The D.C. Circuit rejected this warning as “unsupported by history” because “this is the first time since the Founding that a former president has been indicted at the federal level.” The judges also noted that other ex-presidents considered themselves vulnerable to prosecution. Richard Nixon accepted a pardon “for all offenses” he “committed or might have committed” while in office. Bill Clinton agreed to the suspension of his law license and a fine to avoid possible indictment in the Monica Lewinsky scandal. the jury process would “prevent baseless indictments,” the judges said.

The decision also echoes an assessment made by Justice Florence Y. Pan during oral arguments – that Trump's assertion that he could be prosecuted as long as he was first impeached and convicted by Congress rather undermines does not strengthen his argument. He “implicitly admits that there is no absolute immunity,” the court wrote, and complains only about the process.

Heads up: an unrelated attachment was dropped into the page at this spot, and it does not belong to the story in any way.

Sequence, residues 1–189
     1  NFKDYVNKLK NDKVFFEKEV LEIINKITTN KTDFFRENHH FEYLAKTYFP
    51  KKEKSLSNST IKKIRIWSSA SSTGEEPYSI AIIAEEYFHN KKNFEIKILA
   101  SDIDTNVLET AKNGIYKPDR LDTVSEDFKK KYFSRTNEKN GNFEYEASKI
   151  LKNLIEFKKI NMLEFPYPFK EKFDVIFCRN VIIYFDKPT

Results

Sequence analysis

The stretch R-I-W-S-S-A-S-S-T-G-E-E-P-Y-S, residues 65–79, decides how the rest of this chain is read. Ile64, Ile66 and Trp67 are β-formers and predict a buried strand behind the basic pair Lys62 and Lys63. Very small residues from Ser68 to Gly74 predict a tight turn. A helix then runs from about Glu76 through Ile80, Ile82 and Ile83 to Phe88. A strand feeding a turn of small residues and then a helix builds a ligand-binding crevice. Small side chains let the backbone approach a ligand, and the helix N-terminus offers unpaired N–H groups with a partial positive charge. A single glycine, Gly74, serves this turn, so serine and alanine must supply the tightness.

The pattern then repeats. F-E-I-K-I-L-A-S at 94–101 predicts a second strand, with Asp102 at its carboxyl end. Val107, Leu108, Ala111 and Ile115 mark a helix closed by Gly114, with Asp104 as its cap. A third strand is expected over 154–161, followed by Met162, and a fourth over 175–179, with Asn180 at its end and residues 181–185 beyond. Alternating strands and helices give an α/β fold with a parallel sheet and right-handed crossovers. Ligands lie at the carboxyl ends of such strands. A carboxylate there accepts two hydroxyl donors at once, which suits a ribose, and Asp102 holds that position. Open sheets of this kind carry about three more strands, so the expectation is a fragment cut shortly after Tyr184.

Trump's impeachment request relied on a single line in the Constitution saying that while Congress can only remove a person from office, “the party found guilty shall nevertheless be responsible and subject to impeachment.” . Trump, who was impeached by the House but acquitted by the Senate, argued that it should mean the opposite, as he said in his filings: “A president who is not condemned can not be subject to criminal prosecution. »

During closing arguments, when asked whether Trump's views would allow a president to order the assassination of a political rival, defense attorney D. John Sauer declined to comment. disagreement. He only suggested that such action would “quickly” result in impeachment.